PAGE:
Archive for September, 2008

Time wounds all heels

Posted: September 25, 2008 in Uncategorized

I couldn’t believe how long it’s been since I last posted. I knew I’d been busy a while, but I didn’t quite realize how long.

The semester’s proceeding well. Nothing negative to say about it. I’m reading some great YA fiction in the YA course, learning about a mind-boggling array of online reference courses in the the reference course (go figure), and engaging in heated IF debate in Intellectual Freedom and Libraries.

I guess the only downside is every evening, after dinner, I disappear into the bedroom to “study.” Ever tried studying while lying prone on a comfortable bed? It results in a lot of forehead gashes from books I drop when I fall asleep. I’ve also ruined three shirts from highlighters I forget I haven’t capped bleeding into my shirt while I’m blissfully unconscious, dreaming Nancy Pearl and I are lunching at a little bistro across the street from the Library of Congress.

But I’m doing well keeping up with things. Granted, taking three courses in a semester is a little nutty (SEE: behavior, usual). I’m snowed under by reading, which to me isn’t exactly torture. And while I have papers to write there are no big, monstrous ones. I can knock off 2- 3 page papers in less time than it takes Barack Obama to work the word “change” into a speech.

This weekend I’ll probably be here at the library, off the clock, books and papers spread out, monopolizing an entire table. I have a short critical essay to write, notes to take for a book review, and at least 100 pp. to read – counting all three subjects.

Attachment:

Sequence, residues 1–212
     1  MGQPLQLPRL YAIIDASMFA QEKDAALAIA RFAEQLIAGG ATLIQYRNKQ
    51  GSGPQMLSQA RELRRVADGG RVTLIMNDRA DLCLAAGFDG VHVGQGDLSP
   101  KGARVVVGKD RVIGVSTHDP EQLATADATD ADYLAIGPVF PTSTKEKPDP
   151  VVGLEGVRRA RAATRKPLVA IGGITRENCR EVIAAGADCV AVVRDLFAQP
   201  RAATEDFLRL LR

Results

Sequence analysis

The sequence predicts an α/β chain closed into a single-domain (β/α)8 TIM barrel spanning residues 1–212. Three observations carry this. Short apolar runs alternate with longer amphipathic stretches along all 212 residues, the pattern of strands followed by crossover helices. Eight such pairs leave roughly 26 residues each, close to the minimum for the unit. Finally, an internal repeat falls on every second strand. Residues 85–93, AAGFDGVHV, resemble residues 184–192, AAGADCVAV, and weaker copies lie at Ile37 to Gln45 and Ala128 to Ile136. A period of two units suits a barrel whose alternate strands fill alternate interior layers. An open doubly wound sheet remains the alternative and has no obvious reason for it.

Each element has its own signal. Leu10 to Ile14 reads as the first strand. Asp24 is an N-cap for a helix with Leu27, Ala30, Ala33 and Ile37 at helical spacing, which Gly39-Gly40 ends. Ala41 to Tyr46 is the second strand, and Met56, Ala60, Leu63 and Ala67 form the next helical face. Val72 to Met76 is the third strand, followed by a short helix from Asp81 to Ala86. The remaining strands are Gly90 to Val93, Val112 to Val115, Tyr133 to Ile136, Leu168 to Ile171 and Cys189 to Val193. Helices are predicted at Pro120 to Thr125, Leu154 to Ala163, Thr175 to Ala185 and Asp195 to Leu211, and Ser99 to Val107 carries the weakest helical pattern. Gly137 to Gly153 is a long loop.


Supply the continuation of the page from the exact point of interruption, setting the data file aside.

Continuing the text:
No biggie.

Hold my calls, but if it’s Nancy Pearl tell her 12:30 on Friday works great for me.


Tough times affect libraries


” It’s an essential element of any community, but the public library is something Kathleen Newe believes most people take for granted.

“Think about it: It’s the only place in the community where everyone is welcome, whether you’re a senior who needs financial advice or if you’re a student, or out of work,” said Newe, a volunteer with the Friends of the Diamond Bar Library for nearly two decades.

There are sport teams, churches and clubs that people belong to, “but the library is the only place where every single person can go and feel welcome,” she added.

“And that’s a really important thing for people to realize.”

It’s an especially important point to consider in light of difficult economic times that have prompted many cities and counties to tighten their budget belts over the years, sometimes at the expense of local libraries. ”

Read more …


Milwaukee Library to be Replaced by “Affordable Housing”?

From Milwaukee Journal Sentinel Online:

” The Villard Avenue Library could be replaced by a new building that combines affordable housing with computer-oriented learning facilities, Milwaukee Mayor Tom Barrett said Wednesday. ”

Read more …


West Point Gets New Library

From The New York Times:

” The library was completed after more than 10 years of planning and construction at a cost of $65 million, and it took a hard fight to get the funds at a time when the military is fighting expensive wars in Iraq and Afghanistan.

“From the beginning, there were some in the Army who questioned the need” for a new library, said General Finnegan, the academy’s dean, in an interview before the dedication. Those doubters suggested that all the modern technical information a cadet might need was available online. “They said: ‘You already have a library. Students can just go on Google and get what they need.’ ”

Read more …